The fourteenth century was a time of enormous upheaval in England and all of Europe, mainly due to the Black Death at about the mid-point of the age, which is sometimes thought to have wiped out nearly half the population. Unsurprisingly, the pandemic affected the common people, the peasants, disproportionately. The wealthy people, the nobles, who could remain relatively isolated in their large dwellings, were disproportionately unaffected because they had less exposure to others who did have the disease. But those who lived communally—the great mass of people—were dropping like flies.
It stands to reason that literature, like anything else, would be affected by the massive social upheaval caused by this cataclysm. Anglo-Saxon and Anglo-Norman writings had centered around myth and legend, often dealing with issues of loyalty to a sovereign. The fealty of Beowulf to King Hrothgar is at the core of the great Old English epic. In the Anglo-Norman period the story of Tristan and Isolde (or Iseut), for instance, appeared in various versions with its archetypal conflict between the two lovers and Tristan's loyalty to King Mark.
It's only a slight exaggeration that in the late fourteenth century, when Chaucer reached maturity, the emphasis upon myth, courtly love, and legendary portrayals of royal authority became passé. The Canterbury Tales is all about real people, a cross-section of society. The slightly earlier Piers Plowman, though its characters are allegorical, is concerned with issues of sin and repentance as they largely affect ordinary people. Despite the appearance of a king in the dream visions that make up the long poem, his presence is almost an incidental one. The very act of plowing with its centrality to the poem is a symbol of the agricultural work that the great majority of people at the time engaged in.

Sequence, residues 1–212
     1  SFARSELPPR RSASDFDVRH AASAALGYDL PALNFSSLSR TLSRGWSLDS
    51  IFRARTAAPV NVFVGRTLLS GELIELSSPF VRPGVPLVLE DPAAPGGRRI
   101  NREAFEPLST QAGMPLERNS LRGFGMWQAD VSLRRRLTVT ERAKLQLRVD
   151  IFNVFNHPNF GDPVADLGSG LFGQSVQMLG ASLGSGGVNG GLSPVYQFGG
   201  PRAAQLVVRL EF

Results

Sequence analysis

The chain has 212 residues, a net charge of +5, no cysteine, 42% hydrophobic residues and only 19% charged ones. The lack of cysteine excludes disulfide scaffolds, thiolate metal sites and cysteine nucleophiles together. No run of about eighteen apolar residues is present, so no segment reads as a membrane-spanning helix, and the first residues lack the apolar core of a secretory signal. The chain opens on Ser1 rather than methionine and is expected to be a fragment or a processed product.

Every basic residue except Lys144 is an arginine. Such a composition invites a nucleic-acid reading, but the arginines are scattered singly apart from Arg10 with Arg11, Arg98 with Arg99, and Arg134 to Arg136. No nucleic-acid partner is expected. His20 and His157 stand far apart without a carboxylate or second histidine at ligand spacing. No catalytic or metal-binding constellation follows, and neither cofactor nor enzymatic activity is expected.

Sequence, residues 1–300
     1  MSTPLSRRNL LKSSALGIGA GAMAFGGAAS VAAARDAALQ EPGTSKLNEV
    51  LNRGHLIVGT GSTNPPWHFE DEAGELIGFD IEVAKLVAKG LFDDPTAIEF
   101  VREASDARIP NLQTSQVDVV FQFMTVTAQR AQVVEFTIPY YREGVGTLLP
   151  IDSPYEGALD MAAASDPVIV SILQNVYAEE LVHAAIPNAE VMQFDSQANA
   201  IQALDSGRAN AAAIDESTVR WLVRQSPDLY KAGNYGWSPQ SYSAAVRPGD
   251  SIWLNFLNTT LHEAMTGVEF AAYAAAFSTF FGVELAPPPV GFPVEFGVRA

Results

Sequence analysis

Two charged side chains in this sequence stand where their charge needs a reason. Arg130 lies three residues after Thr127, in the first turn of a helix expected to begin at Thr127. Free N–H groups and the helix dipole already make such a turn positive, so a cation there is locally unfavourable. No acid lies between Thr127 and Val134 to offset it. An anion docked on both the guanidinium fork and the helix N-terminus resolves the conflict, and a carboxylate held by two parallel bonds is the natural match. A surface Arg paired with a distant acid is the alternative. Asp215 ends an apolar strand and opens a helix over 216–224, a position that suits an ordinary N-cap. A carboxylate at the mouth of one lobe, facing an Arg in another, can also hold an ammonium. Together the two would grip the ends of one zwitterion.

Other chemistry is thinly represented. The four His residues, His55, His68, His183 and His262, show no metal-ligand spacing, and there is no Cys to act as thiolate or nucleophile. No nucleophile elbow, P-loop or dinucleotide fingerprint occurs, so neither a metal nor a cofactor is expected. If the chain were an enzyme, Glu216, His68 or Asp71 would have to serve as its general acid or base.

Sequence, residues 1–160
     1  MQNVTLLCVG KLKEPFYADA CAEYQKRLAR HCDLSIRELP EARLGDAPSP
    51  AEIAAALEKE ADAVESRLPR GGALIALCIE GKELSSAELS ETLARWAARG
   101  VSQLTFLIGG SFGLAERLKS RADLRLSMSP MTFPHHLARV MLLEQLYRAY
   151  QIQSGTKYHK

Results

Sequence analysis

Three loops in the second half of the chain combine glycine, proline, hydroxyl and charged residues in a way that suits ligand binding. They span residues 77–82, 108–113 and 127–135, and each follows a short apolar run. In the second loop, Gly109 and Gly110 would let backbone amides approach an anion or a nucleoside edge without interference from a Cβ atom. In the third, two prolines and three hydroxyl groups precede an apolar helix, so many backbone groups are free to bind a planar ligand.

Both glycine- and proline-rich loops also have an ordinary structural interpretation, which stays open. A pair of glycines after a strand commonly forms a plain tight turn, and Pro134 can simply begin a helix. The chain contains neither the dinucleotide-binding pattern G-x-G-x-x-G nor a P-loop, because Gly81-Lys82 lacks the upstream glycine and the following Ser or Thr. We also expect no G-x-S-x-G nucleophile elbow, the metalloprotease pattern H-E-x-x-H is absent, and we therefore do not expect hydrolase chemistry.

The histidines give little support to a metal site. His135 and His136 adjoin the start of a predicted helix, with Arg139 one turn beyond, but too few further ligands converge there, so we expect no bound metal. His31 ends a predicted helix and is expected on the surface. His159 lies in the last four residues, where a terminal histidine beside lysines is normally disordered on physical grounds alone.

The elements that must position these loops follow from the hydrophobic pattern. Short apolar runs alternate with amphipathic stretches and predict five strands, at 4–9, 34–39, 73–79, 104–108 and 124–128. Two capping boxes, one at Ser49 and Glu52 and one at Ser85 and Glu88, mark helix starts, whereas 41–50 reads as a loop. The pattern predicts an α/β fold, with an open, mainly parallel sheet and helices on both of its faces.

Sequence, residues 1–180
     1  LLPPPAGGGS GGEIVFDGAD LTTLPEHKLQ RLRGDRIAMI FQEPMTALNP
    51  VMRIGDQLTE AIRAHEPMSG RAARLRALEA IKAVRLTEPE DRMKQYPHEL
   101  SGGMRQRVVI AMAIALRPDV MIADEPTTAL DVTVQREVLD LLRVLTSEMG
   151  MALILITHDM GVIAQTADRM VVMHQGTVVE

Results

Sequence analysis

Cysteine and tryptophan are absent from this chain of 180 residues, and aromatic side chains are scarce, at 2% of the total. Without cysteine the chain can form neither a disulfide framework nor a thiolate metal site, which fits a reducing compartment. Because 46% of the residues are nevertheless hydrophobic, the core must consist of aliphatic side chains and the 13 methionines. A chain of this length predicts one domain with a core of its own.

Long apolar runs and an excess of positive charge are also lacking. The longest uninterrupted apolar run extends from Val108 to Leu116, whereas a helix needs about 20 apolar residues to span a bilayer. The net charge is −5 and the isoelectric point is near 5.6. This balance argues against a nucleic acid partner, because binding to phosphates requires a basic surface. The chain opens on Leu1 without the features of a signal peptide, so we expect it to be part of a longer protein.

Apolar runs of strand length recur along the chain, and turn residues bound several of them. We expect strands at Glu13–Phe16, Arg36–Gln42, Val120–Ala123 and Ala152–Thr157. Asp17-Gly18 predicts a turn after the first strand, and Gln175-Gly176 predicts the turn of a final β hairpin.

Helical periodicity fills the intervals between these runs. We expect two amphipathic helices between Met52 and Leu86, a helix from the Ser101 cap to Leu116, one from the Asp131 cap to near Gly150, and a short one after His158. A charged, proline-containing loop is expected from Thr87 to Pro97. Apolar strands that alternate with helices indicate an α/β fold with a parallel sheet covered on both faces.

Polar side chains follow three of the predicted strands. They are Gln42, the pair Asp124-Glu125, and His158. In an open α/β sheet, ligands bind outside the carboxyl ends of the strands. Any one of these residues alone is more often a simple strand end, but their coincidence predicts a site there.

Chaucer, in his The Canterbury Tales, is not just concerned with showing a cross section of the pilgrims to a shrine, but with the ideas they believe in and wish to express, including subversive ones. The Wife of Bath is a feminist 400 years before the first actual feminist movement led by Mary Wollstonecraft and others during the late Enlightenment and the period of the French Revolution. There is, as well, an anti-authoritarian tone to much of Chaucer, ranging from the bawdiness of "The Miller's Tale" to the allegory of "The Pardoner's Tale" in which the (often unacknowledged) cupidity at the root of human behavior propels the action.
The manner in which Chaucer's characters speak is so natural and unaffected (in a way that comes through to us despite the difficulties of reading Middle English) that we seem already to be given a look at an egalitarian era, again, about four centuries in advance of the time when the fact of equality among people was explicitly recognized in the Zeitgeist of the eighteenth-century Age of Reason.
Finally, the most significant thing about the late 1300s is arguably that these works were written in English. Norman French no longer had to be the language of literature. But at the same time what we see is Chaucer's enshrining, so to speak, in the Tales and his other works this transformed English with so much of its vocabulary consisting of borrowings from the language of the Norman conquerors. This mélange of Germanic and Romance vocabulary is in some way symbolic of the English people having become united, with the old division between Saxons and Normans a thing of the past. And the specifically London-based form of English in which Chaucer wrote established the standard, from this point on, for both the literary and spoken language.